Cystic Fibrosis (CF) Carrier Screen

Inherited Genetic Disorders

When a couple is considering having a baby, there are certain factors that may add extra weight to the decision. One such factor is inherited genetic disorders, such as cystic fibrosis, sickle cell disease, thalassernia, and Tay-Sachs disease. What these diseases have in common is that they are passed on through carriers who may not have the disease themselves, but carry a genetic mutation of the gene that can cause the disease in their children.

Cystic Fibrosis Carriers

Cystic fibrosis (CF), like Tay-Sachs disease and the others, is a recessive disorder. That means that a person must inherit a defective gene from each parent in order to have the disease. A carrier of a defective gene for cystic fibrosis has one normal copy of the gene from one parent and a defective copy from the other parent. Usually, carriers of a recessive disorder do not have the disease themselves.

If only one parent in the couple is a CF carrier, none of the children will have CF. However, there's a 50 percent chance that each child will, in turn also be a symptomless carrier of CF. If both parents are carriers of the defective gene, then there's a 25 percent chance their baby will inherit one defective gene from each parent and have the disease. There's a 50 percent chance the child will be a carrier and there a 25 percent chance the baby will not have the gene at all.

Cystic Fibrosis - The Disease

Cystic fibrosis is an inherited disease that affects breathing and digestion. It is estimated that 30,000 children and adults in the US have the disorder. It is caused by an abnormal gene involved in mucus production in the body. The buildup of mucus in the lungs promotes chronic infections and ultimately loss of lung function. The thick mucus blocks the pancreas stopping digestive enzymes from reaching the intestines so serious problems arise from poor food absorption. The mucus can block the bile duct in the liver - a situation that causes permanent damage in about six percent of those with CF. The ability to have children affects most men with CF. Because of improved medical treatments and care, nearly half the CF patients today are 18 years-of-age or older. Many people with cystic fibrosis live well into their 30s, 40s, and beyond.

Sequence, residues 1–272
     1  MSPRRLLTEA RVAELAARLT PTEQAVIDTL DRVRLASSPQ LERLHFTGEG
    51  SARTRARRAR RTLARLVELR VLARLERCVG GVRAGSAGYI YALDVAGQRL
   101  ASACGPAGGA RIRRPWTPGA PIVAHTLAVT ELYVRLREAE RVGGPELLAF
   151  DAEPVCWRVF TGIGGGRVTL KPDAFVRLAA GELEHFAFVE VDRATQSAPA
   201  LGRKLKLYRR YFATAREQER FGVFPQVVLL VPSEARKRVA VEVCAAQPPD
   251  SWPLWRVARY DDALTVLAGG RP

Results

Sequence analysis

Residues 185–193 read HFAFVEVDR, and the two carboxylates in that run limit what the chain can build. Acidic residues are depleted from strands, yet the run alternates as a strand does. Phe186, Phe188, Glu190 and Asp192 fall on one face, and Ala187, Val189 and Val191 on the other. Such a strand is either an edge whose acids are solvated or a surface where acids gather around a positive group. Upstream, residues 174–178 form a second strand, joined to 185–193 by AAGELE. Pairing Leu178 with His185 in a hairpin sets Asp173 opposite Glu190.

CF Screening

Screening is done through a process of determining risk factors. In the preconception visit or first prenatal examination the medical practitioner will ask questions about the risk of inherited genetic disorders in the family. If either partner has a family history of CF or is at high risk of being a carrier, the practitioner will likely order a screening to determine the risk.

The CF carrier screen test is either a saliva or blood test taken by parents to see if they carry the abnormal genes that cause CF, in order to determine the risk of having a child with CF. If the test results show that both parents are CF carriers, the health care provider can test the baby in-utero. If the baby has CF, parents can take time before delivery to learn more about the disease and find appropriate specialists.

CF Testing

CF carrier screening does not provide a diagnosis. As with all screenings, it indicates the risk and probabilities for the disease. The test to diagnose CF is the sweat test, considered to be the gold standard in diagnosing CF. The sweat test measures the amount of chloride in the sweat. It is not invasive - no needles are used in this test. Instead, a chemical that causes sweating is put on a small area of the arm or leg. An electrode is used to apply a weak electrical current to the area to cause sweating. The sweat is gathered and sent off for measurement of chloride in the sweat.

Although screening is optional in most cases, if there is any chance either partner is at risk of being a carrier, having the necessary tests can make a big difference in the decision making process.

Worried about going for your tests? Talk with other pregnant women who have been through it in our First Trimester forum.



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